The planet outdid itself last month, as November 2020 ranked second hottest on record, overtaking November 2019 for the No. 2 spot.
Additionally, the year to date (January through November) and the three-month season (September through November) placed second and third hottest, respectively, according to scientists at NOAA’s National Centers for Environmental Information.
Exceptional warmth also caused Arctic sea ice coverage to melt to its second-lowest November coverage on record.
Here’s more from NOAA’s latest monthly global climate report:
Climate by the numbers
The average global land and ocean surface temperature for November 2020 was 1.75 degrees F (0.97 of a degree C) above the 20th-century average. This is the second-highest November temperature on record — slightly below that for November 2015 — and exceeds the now third-highest average temperature observed for November 2019.
The Northern Hemisphere had its warmest November on record, with the Southern Hemisphere seeing its ninth warmest. The most notable temperature departures were felt across parts of the contiguous U.S., northern Europe, northern Russia, Australia, central and southern South America, the North Pacific Ocean and the Bering Sea.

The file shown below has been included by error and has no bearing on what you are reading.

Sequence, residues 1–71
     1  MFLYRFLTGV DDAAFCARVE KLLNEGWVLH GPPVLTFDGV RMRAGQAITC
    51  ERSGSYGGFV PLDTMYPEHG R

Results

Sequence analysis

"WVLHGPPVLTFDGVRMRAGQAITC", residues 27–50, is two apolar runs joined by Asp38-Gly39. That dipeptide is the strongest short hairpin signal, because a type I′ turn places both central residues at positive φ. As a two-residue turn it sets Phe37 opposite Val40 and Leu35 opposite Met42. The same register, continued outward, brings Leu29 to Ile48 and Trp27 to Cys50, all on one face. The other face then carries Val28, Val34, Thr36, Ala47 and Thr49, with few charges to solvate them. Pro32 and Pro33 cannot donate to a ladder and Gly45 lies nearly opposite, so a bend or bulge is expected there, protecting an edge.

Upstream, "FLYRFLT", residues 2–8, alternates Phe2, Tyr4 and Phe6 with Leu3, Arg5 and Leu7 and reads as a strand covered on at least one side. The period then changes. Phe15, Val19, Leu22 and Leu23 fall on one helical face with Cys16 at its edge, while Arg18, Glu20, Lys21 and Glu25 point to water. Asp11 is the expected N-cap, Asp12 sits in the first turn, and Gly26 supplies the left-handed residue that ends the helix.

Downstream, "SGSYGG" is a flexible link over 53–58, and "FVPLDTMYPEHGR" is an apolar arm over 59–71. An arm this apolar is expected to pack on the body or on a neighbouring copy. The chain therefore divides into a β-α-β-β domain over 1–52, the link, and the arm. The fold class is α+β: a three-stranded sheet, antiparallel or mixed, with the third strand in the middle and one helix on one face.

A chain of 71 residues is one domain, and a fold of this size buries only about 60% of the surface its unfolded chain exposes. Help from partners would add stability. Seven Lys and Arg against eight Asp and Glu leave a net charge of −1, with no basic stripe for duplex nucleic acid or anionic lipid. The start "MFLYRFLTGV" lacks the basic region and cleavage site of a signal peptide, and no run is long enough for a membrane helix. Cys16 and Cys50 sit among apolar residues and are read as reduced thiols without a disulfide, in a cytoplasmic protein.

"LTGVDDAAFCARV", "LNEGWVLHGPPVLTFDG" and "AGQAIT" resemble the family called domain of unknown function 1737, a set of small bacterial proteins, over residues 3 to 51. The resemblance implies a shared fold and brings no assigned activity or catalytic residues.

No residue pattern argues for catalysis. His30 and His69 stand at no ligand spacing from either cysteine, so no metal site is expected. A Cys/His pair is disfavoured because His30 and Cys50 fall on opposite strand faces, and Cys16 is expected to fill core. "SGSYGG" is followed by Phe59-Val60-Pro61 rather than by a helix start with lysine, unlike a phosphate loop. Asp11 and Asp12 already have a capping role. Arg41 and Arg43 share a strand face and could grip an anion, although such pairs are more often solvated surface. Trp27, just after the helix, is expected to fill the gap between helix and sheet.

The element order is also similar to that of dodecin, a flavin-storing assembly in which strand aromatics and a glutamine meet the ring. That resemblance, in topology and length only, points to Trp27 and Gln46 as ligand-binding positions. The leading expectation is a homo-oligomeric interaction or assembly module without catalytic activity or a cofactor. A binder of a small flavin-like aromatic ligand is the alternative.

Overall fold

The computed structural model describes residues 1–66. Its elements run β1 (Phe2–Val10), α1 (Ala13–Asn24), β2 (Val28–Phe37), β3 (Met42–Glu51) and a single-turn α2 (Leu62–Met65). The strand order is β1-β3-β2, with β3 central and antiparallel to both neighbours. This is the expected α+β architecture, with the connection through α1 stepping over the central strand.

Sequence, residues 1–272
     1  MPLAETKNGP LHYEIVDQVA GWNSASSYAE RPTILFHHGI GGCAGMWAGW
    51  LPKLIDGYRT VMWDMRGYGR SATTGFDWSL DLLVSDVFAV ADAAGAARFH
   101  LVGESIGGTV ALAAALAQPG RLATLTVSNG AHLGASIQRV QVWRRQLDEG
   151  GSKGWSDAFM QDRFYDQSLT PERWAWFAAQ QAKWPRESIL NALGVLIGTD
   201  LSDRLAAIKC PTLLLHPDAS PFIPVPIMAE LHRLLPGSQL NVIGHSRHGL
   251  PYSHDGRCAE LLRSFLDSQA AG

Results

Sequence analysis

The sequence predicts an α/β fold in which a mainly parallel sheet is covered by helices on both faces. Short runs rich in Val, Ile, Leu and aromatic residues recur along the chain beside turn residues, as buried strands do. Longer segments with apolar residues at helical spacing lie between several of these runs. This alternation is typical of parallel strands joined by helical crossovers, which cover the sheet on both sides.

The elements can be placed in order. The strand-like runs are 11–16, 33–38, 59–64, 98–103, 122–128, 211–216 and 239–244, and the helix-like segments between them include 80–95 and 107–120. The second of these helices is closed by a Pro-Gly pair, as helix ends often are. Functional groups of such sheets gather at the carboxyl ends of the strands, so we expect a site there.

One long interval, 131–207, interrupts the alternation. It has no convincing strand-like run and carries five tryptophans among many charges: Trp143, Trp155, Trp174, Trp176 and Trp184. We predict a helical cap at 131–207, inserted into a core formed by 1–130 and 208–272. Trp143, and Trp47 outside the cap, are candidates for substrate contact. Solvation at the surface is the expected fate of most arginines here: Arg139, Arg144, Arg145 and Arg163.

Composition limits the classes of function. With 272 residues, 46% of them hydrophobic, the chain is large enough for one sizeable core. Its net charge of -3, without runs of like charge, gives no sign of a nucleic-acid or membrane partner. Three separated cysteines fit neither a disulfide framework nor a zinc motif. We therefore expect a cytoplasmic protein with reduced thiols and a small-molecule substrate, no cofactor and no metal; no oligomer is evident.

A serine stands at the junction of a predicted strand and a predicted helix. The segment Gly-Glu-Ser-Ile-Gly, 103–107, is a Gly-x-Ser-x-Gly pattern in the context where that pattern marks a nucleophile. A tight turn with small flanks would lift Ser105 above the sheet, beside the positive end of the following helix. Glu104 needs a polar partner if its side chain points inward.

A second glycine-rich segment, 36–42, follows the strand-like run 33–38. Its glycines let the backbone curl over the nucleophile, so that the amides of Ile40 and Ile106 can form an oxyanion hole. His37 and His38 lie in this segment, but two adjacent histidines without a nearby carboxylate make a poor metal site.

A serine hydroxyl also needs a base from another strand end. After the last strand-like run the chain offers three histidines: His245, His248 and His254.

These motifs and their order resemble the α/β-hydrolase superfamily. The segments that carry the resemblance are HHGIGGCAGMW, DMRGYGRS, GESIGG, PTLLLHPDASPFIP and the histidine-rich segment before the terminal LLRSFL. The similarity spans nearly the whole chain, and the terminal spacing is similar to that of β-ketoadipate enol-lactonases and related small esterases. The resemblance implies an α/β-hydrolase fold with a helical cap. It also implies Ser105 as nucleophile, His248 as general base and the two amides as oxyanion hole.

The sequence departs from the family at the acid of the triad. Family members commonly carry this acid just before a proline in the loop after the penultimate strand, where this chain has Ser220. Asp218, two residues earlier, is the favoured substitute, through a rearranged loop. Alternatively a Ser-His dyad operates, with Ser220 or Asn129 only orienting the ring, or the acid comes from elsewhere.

The world’s 10 hottest Novembers have all happened since 2004, with five of those occurring as recently as 2013.
Year to date and the 3-month season
The year-to-date (through November) global land and ocean surface temperature was 1.80 degrees F (1.00 degree C) above the 20th-century average, making it the second-warmest YTD in the 141-year record — just 0.02 of a degree F (0.01 of a degree C) cooler than the same period in 2016.
The season — meteorological autumn or spring, depending on the hemisphere — saw an average combined global land and ocean temperature of 1.64 degrees F (0.91 of a degree C) above the average of 57.1 degrees F (14 degrees C). This three-month period ranked third warmest on record behind the 2015 and 2019 seasons.
According to a statistical analysisoffsite link done by NCEI scientists, 2020 is very likely to rank among the three-warmest years on record.